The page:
Recognising concussion

Concussion is a brain injury usually caused by hitting your head or a fall. It can happen anywhere, such as during sports, in a playground, or even at home. Concussion must always be taken seriously. It’s really important to be able to recognise the signs and know how to respond.

Signs of concussion

Recognising the signs of concussion and removing young people from the activity they are involved in can save lives.

If you or someone else has been hit on the head, you need to look for signs like:

  • a headache
  • feeling dazed or confused
  • feeling drowsy or sleepy
  • feeling sick
  • feeling irritable or 'in a fog'
  • difficulty remembering things
  • any other change in normal behaviour

What to do if someone has a suspected concussion

If you have hit your head or you think someone else has suffered a concussion you should:

  • stop playing or whatever you are doing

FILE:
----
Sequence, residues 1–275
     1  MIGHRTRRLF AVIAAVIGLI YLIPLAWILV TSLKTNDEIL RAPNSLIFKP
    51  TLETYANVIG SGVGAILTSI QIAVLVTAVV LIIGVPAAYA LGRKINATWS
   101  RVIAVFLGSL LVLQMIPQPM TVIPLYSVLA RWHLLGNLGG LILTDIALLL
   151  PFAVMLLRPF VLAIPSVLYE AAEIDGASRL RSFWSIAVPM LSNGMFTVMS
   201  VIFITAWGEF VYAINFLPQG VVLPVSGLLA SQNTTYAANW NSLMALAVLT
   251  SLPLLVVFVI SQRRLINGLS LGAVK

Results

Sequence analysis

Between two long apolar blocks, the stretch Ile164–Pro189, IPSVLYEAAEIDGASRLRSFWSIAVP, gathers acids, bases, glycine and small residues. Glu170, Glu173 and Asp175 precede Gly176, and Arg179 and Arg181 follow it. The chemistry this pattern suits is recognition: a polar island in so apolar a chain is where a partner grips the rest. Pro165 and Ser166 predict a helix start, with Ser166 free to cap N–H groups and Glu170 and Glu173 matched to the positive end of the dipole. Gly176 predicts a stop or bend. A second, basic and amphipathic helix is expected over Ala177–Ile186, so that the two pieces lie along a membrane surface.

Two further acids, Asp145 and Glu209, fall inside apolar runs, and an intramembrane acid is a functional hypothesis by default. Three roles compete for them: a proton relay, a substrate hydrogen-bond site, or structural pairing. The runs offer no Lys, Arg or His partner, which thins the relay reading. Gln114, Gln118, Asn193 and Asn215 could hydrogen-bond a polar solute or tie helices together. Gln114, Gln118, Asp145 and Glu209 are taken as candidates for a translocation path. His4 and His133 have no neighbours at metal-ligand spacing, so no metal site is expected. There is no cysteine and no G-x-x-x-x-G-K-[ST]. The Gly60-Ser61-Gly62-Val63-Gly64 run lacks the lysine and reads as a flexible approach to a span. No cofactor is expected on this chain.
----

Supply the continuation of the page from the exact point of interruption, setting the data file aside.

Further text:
• report it to a teacher, parent, coach, referee, or umpire immediately
  • be honest about how you are feeling or what you have seen
  • if someone has been knocked out or seems to be getting worse, phone for an ambulance

Anyone with a suspected concussion should be immediately removed from their activity and should not be allowed to return until they are medically assessed.

Information leaflet on concussion

For more information on how to spot the signs of concussion, you can download the leaflet "Concussion - recognise and remove" by clicking on the link below:

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